Foundations for a Green Conference: Motivation, People, Writing a Plan

  1. Determine your motivations.

    Have a team meeting where you discuss greening, starting with your motivations both as individuals and as an organization. Starting here will help you navigate the next decisions. more »Before developing a green plan, it helps to know why you are making that decision, and what resources you are willing to commit. Are you a personally committed individual in a larger organization that doesn't care, a company that sees this as the latest fad and wants to offer carbon offsets to give yourself a green coat, an organization aiming to meet the highest standards?

  2. 80/20 Results/Effort

    For light-green events, focus on your biggest impacts first: transportation, waste/recycling, and food. Choose a site to minimize flights. Ask all potential venues and providers for their green plan. Encourage attendees to take the train or carpool and look for green hotels.

  3. A green mission statement & goals.

    A mission statement will let everyone involved know that it will be a green event so they can plan accordingly. Choose how you will review progress on goals: a single person, a committee, or everyone together at a regular meeting? more »Social responsibility will have the strongest effect on your bottom line when everyone -- clients, partners, and especially employees -- respects your company for your efforts. Top down, bottom up, or use greening as a way to strengthen and bond your team.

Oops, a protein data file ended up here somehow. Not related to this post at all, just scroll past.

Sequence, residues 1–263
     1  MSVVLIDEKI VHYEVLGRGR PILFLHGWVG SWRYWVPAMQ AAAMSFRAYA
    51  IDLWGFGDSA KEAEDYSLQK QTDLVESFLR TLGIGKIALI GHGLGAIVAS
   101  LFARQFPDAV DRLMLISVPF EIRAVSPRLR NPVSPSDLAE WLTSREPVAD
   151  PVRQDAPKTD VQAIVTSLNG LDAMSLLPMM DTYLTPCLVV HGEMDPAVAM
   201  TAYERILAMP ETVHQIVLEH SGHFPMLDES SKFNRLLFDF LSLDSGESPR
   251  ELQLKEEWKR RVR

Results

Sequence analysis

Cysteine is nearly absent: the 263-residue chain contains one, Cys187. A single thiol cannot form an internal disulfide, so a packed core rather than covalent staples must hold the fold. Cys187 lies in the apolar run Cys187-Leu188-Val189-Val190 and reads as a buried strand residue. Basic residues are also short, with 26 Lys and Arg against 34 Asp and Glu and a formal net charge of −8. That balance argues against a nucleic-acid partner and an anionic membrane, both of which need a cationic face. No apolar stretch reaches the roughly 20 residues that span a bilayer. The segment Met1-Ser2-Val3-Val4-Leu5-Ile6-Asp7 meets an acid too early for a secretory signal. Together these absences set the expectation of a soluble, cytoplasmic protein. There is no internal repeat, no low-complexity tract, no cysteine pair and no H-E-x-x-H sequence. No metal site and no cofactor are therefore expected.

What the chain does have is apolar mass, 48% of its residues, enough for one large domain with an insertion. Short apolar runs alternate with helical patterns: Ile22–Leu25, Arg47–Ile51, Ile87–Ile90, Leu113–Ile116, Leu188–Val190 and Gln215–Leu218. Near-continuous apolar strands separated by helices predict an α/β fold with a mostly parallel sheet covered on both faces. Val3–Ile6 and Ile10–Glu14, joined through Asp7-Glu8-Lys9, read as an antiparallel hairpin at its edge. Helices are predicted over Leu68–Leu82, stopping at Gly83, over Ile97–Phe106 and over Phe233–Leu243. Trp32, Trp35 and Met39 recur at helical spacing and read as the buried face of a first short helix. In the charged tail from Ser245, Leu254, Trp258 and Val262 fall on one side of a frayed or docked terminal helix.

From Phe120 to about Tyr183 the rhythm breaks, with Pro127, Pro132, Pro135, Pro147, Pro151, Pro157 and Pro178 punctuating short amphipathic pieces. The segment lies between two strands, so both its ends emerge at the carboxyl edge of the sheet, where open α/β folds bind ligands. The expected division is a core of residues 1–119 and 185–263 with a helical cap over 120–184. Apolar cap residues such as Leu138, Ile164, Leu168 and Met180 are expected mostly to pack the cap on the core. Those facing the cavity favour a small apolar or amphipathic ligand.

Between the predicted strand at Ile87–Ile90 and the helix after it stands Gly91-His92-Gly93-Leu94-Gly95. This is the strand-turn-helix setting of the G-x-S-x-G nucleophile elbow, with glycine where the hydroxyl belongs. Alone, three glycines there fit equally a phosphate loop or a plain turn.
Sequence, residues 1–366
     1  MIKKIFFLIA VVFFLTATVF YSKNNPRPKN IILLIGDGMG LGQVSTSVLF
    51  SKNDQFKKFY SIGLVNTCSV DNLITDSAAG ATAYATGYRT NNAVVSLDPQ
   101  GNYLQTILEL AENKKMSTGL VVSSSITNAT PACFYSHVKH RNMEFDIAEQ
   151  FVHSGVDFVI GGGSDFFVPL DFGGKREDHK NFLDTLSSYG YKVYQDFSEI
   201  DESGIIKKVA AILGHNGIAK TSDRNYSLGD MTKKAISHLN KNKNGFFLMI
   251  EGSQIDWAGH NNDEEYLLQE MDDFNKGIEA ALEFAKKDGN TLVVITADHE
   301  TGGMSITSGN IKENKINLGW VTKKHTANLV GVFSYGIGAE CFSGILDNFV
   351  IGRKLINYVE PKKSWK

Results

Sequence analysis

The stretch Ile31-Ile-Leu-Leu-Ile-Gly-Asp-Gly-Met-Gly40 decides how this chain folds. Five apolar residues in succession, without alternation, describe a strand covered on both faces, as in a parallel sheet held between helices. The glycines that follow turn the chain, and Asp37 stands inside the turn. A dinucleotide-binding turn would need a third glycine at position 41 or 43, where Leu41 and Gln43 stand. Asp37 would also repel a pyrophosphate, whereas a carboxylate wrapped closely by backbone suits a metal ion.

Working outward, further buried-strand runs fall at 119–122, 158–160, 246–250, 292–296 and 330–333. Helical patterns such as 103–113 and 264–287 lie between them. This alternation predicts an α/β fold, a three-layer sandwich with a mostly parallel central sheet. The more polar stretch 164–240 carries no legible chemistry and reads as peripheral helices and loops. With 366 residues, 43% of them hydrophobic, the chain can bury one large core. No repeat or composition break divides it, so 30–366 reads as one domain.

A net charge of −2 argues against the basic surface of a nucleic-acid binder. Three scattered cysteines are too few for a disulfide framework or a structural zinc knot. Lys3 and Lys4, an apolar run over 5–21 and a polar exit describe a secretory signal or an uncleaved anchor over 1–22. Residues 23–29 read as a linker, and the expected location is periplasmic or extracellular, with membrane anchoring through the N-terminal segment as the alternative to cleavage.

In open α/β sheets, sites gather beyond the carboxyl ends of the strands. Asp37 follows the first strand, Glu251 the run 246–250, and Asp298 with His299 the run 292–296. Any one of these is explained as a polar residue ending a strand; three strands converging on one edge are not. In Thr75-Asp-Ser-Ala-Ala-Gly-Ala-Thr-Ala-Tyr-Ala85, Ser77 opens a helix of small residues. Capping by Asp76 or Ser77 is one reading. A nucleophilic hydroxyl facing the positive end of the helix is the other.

4. Team, Resources, and Budget.

    Will you have a greening team, or will everyone participate together? When do you check in? How is greening factored into your workflow? Can you insist on green, budget for it, hire a green planner to do it for you? Outperform competitors »Socially Responsible companies keep outperforming their supposedly budget-minded competitors. Go ahead and inspire your clients, your suppliers, your attendees and your colleagues and employees.

  5. Feedback: Get Everyone Involved.

    Greening is a great way to have management open up to more participation from everyone creating an event. Tell your attendees who your green contact is, and ask for their advice right from the beginning.

  6. Choose a Guide.

    This online guide is intended as a starting point to help you focus. Our main goal is the next step: to help you find a guide that matches your motivations and resources.

  7. Editorial: Community Building

    Back before "green" was awash in commercialism and offsetting, community and attention to detail were considered intrinsic. This wasn't just for hippies: even as the chemical industry took major steps towards greening ten and twenty years ago, the heart of the changes wasn't cash payments for making messes, it was paying better attention to their production process. Greening made the chemical industry much more efficient at their core mission. We believe that the events industry will undergo the same revolution when it takes these green values to heart. Focus on why your attendees are coming to your event instead of staying home and watching a low-impact video? How can you best provide those values with the least resources, from the time they walk out the door of their home until they return? Sharing leads to community, simplicity keeps attendees focused, localizing leads to more fruitful connections. Greening is a great way to help people meet at your meetings.